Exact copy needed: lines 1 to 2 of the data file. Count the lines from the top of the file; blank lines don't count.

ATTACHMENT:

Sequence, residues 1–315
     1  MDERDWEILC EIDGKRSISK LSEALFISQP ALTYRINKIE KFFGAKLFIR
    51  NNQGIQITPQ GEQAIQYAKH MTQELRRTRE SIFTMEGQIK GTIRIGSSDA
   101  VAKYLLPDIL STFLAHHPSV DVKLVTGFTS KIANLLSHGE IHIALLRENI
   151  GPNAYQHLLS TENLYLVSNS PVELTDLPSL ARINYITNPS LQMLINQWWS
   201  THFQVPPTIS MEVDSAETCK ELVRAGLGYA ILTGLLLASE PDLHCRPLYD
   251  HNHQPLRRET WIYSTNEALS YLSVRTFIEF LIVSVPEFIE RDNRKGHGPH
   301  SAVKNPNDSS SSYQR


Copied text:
Sequence, residues 1–315
     1  MDERDWEILC EIDGKRSISK LSEALFISQP ALTYRINKIE KFFGAKLFIR